It’s true that the Founding Fathers did not envision the gun world we have today, one that makes guns easy to manufacture or that produces an astonishing variety of guns, some of them with more lethal efficiency than others.  Their inability to predict the future, though, does not give Progressives the right simply to ignore them.  The Constitution is the contract between government and people.  This marvelous contract has within it mechanisms for amending it if it no longer serves the people.

Simply ignoring the Constitution is not one of the contractual options.  If Kristof is interested in having guns regulated in precisely the same way toys are, perhaps he should spearhead a Constitutional amendment that repeals the Second Amendment.  Should he do so, I don’t wish him success, and I don’t see him having much luck, but that’s still what he should do.  To write an entire column comparing a Constitutionally protected instrument to a toy is just fatuous and stupid.

UPDATE:  Thanks, pst314, for bringing my attention to my horrible Kristol/Kristof mixups.  I’ve corrected them all, but I’m really embarrassed.  Sometimes my brain and my fingers live lives independent of each other, but that’s no excuse for making such a heinous error.

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Comments

  1. pst314 says

    “Kristol waffles on for a couple of paragraphs”
    D’oh: Twice you refer to Kristol when you mean Kristof. I think Bill Kristol would be slightly peeved with you. :-)

  2. Danny Lemieux says

    He also doesn’t get out and about much. Yemen?
    Switzerland and New Zealand have higher levels of gun ownership than the U.S. And, is he seriously suggesting that the gun industry in the U.S isn’t regulated?
    Kristoff is also apparently unaware of how Australia’s murder and other violent crime rate soared once they banned gun ownership. No ‘tanks, Mate!
     
    Like you said, Book: it must be a parody!

  3. Charles Martel says

    I belong to a discreet group of Constitution fetishists. Most of us are married to dyed-in-the-wool liberals, so we have to hide our activities.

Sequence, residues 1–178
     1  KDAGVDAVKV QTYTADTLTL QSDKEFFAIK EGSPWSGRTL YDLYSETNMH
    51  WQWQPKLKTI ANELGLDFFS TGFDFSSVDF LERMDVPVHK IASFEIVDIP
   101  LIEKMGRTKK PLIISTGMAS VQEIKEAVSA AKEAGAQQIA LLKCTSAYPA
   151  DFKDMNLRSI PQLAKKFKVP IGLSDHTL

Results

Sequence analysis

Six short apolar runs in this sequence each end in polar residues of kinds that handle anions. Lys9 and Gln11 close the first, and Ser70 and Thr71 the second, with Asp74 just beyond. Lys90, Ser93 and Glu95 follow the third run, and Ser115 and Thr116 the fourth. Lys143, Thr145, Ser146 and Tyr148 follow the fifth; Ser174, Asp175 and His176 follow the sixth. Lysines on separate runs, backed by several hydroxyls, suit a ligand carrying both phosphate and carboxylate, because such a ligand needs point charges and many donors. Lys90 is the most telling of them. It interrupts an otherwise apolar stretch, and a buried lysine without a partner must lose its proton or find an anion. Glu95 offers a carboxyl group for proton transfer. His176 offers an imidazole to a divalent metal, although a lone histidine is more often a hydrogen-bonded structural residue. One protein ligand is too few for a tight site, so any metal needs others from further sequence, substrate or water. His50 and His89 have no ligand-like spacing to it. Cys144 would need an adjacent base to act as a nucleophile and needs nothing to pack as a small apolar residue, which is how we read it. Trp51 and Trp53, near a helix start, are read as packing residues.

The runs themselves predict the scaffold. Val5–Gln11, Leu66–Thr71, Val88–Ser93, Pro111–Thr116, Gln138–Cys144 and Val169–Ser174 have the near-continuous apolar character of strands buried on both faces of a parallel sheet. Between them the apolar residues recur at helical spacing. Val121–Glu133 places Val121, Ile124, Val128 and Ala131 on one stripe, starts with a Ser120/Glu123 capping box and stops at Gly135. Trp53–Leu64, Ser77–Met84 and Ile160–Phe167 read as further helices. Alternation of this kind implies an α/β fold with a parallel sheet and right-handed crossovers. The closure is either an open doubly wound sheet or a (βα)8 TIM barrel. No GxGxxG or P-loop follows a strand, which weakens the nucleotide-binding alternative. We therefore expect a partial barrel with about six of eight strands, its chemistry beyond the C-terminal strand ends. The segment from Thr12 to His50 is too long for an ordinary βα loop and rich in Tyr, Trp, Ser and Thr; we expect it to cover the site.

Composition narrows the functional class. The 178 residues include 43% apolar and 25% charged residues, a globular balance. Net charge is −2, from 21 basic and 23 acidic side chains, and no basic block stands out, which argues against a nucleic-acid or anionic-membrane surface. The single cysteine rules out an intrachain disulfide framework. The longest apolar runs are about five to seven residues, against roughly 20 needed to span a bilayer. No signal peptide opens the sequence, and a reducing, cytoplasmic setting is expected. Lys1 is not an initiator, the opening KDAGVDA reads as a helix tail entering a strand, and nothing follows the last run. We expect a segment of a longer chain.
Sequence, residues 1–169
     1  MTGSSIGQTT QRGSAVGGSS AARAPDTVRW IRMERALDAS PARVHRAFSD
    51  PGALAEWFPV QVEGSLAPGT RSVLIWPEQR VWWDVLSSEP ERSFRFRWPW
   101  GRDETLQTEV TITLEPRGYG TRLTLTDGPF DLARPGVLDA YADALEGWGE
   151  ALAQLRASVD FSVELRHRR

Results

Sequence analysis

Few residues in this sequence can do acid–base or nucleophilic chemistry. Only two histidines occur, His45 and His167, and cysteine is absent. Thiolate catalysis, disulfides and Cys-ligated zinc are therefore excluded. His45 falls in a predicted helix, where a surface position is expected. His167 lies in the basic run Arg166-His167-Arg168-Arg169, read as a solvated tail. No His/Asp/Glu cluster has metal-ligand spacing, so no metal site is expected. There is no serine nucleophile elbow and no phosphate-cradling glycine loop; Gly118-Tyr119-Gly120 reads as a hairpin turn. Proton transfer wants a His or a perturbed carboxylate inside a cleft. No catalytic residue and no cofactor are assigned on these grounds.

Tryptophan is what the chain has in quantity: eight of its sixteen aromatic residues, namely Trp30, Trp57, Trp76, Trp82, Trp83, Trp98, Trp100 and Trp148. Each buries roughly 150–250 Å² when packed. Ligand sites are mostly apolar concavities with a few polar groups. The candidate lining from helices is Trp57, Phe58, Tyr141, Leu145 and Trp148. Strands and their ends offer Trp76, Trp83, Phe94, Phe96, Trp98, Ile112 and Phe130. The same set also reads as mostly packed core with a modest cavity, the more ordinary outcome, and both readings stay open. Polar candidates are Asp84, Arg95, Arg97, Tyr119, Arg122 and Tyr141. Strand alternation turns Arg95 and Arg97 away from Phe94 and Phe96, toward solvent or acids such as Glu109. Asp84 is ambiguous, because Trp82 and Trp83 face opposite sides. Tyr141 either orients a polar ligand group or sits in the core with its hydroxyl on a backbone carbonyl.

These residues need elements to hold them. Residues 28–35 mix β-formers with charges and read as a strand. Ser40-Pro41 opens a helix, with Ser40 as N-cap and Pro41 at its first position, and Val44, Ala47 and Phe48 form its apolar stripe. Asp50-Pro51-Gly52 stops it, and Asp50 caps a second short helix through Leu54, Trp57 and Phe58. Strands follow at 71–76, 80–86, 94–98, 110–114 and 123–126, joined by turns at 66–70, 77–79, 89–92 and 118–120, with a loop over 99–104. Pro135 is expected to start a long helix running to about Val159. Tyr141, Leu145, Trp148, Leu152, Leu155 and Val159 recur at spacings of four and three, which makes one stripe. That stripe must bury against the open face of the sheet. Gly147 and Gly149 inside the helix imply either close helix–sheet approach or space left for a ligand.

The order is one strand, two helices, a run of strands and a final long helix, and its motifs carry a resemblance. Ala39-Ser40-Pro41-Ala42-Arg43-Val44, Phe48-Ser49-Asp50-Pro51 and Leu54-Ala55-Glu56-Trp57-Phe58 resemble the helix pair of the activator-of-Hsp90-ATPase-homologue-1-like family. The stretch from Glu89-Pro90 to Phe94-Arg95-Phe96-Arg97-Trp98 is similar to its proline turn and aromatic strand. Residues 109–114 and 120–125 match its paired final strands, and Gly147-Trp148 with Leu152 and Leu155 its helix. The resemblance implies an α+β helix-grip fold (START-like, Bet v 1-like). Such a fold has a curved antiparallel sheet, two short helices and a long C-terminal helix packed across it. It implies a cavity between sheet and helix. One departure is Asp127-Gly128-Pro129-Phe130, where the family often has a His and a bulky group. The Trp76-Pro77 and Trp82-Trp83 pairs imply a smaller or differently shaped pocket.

We try to meet every other Tuesday in an out-of-the-way restaurant one county over. At first, we moved from restaurant to restaurant, but finally settled on a little Mexican place. It helps that most of patrons there speak only Spnaish, so when we get into quarrels about enumerated powers or federalism, nobody around us knows what the crazy Gringos are talking about.

    I won’t say that we’ve totally descended into fetishism. For example, when one of our Jewish members suggested that we roll the Constitution into a scroll, we rejected the idea. We also rejected a Catholic member’s suggestion that we genuflect whenever we awere in the presence of the document.

    But we certainly do honor and revere the Constitution. In the course of a year each member of our group is entrusted to take the document home in its 24K gold-plated box with the sapphire inlays for two weeks of safekeeping. (It’s a bitch for the men to hide the thing at home, and one of us had to be really quick on his feet when his wife demanded to know why the box was not for her.)

    When the box enters the restaurant, we stand with bowed heads until it is set at the head of the table. The current guardian carefully opens the lid and removes the precious paper from it. He then offers it to the guardian who will succeed him. That person begins a careful reading of a previously selected article.

    We have a sort of liturgical calendar in which readings of particular articles are scheduled throughout the year. Our favorite reader is the Jewish guy, who once had studied to become a rabbi. Although he now runs a remedial writing course for college seniors, his previous oratorical training shines through. Like the loving followers who used to cluster around the late Rabbi Schneerson, delirious joy radiates from our faces as he reads the text.

    The highlight of our year is The Reading of the Rights, a three-hour dinner at which we each read and comment upon the first 10 amendments to the Constitution. Some of us, especialy the more militant, are moved to tears by a slow reading of the Second Amendment, although there have been robust arguments about its punctuation.